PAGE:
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Speculative builds can't match Prairie industrial demand

Even more than 400,000 square feet of new space will not meet the needs for businesses in Saskatchewan and Manitoba cities
Regina Pasqua build
Pasqua Business Park: new construction not expected to quell the high demand in the Regina market. | Colliers

Strong demand and little new construction mean tight industrial markets are poised to get tighter across eastern Prairies cities.

Second-quarter reports from the country’s top brokerages point to falling availability rates in both Saskatchewan and Manitoba.

Winnipeg, a key north-south logistics hub, is experiencing what CBRE Ltd. describes as “a supply-demand imbalance” that has pushed down availability by 70 basis points to 2 per cent in the second quarter on a total inventory of 77 million square feet.

“Projects currently under construction are expected to provide over 118,000 square feet of new space by the end of the year,” CBRE reported. An additional 175,214 square feet of speculative construction is in the works for 2023.

CBRE said this will “aid in balancing out the market,” but with net absorption in the quarter totaling 560,027, the scant amount of new space – which is favoured over existing, older product – won’t last long.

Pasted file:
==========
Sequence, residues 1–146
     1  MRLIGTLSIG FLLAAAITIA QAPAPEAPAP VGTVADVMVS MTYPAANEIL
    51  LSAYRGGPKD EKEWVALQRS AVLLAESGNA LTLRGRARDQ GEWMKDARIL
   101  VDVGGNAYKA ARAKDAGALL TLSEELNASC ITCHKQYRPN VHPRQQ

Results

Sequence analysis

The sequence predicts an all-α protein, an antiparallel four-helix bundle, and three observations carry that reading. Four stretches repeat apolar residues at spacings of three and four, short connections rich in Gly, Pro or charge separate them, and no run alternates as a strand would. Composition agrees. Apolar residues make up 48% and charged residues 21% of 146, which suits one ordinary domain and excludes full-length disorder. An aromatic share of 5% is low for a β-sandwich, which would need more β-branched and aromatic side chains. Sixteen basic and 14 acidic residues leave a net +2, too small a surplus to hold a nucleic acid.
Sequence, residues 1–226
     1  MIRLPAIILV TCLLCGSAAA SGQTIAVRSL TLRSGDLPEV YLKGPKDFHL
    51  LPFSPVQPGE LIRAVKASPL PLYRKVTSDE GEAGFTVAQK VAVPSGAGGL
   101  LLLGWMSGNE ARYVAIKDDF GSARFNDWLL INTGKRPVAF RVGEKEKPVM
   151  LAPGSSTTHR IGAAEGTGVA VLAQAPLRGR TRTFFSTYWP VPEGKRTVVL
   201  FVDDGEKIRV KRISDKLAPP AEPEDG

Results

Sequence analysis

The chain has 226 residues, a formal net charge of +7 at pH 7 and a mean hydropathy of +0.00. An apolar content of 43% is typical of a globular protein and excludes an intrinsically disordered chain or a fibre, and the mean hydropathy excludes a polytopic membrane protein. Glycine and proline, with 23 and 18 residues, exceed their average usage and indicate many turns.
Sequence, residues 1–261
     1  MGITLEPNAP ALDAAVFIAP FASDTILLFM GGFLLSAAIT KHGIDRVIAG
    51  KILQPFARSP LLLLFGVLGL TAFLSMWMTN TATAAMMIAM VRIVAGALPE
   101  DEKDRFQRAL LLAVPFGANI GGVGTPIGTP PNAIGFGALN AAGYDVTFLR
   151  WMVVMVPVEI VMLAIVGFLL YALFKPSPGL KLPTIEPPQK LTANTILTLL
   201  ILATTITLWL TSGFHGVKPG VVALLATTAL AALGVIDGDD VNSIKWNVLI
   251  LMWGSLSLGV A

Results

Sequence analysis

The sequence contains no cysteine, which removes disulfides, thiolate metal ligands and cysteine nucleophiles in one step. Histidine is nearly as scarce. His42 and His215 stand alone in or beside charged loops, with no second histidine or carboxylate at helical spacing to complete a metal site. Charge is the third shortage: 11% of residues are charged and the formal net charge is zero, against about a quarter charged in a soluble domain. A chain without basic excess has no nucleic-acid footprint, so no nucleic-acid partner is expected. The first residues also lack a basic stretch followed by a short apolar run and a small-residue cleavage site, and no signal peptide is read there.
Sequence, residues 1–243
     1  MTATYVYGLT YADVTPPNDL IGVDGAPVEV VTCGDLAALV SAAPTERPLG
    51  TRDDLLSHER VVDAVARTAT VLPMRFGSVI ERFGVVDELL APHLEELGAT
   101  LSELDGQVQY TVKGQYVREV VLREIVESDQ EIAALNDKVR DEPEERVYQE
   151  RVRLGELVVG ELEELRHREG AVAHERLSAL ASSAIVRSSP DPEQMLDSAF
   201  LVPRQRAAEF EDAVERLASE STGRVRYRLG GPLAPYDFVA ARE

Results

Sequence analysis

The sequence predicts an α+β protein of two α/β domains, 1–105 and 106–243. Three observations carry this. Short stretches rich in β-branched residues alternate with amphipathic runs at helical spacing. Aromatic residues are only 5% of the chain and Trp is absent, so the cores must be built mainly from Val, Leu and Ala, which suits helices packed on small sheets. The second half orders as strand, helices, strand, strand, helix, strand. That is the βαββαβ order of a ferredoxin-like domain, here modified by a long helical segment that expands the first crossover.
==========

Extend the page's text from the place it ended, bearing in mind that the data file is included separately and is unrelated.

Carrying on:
A similar phenomenon is playing out in Saskatchewan, where vacancies are also dropping. Saskatoon saw vacancies drop from 2.5 per cent to 2.1 per cent, while Regina saw vacancies drop from 1.5 per cent to 1.2 per cent.

“The strength of the Saskatoon industrial market has led to renewed interest by developers in speculative builds for lease,” Colliers reported.

But even with 302,100 square feet under construction, the new space won’t address demand in the tight Regina market, Colliers noted.

“While the speculative space being built in 2022 will be complete in Q3, it is not expected to quell the still-high demand in the market,” Colliers stated. “The current state of the market leaves potential industrial users in the market with few options other than to dive into the healthy land inventory in and around Regina, though construction costs still make this a last resort.”

It’s well within the means of some, however. Amazon purchased 14.35 acres at the city’s Global Transportation Hub for $3.3 million at the end of May. The purchase was by Amazon’s fulfillment services division.

While construction cost increases are the key constraint on new construction, Colliers also flagged the potential negative impact of interest rate hikes. However, the impacts have yet to be seen.

“The effects of the interest rates may be too early to predict, as demand remains strong,” the Colliers report stated, speaking of the Winnipeg market.

With availability rates falling across the West, it’s a statement that rings true as real estate enters what Colliers associate director of research has called a transition quarter as the market adjusts to the new realities.